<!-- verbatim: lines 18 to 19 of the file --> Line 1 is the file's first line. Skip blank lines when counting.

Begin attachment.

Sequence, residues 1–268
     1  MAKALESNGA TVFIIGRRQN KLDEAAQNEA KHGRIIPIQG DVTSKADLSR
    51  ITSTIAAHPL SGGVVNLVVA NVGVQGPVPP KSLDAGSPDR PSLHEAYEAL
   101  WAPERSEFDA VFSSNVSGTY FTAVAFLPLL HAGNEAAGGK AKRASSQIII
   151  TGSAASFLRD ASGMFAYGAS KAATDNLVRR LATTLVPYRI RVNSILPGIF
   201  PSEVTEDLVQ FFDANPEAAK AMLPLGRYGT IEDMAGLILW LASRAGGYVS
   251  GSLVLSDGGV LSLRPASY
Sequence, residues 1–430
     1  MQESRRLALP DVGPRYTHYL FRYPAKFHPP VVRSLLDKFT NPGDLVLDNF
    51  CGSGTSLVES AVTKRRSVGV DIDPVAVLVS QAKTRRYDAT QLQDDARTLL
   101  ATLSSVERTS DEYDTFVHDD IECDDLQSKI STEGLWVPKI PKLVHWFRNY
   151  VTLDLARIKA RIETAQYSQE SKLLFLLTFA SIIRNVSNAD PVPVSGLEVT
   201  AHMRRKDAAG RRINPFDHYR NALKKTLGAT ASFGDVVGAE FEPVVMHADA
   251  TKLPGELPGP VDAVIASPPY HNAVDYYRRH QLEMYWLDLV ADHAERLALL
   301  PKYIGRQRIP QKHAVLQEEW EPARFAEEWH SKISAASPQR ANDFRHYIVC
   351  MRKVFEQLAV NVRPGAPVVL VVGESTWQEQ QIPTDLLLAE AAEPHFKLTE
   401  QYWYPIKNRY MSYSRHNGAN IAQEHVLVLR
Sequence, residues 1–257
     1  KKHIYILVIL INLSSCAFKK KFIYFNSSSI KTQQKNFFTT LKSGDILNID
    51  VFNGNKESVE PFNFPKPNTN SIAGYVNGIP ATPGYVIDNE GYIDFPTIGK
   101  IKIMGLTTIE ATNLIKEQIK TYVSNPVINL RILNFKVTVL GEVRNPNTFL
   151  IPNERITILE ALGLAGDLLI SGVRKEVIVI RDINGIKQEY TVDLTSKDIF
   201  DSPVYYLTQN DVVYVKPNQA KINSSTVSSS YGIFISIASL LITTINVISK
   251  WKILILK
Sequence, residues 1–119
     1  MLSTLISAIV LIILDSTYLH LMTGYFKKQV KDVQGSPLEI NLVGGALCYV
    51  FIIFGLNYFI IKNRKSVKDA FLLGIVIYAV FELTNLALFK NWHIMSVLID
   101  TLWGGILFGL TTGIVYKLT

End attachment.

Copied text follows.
Sequence, residues 1–257
     1  KKHIYILVIL INLSSCAFKK KFIYFNSSSI KTQQKNFFTT LKSGDILNID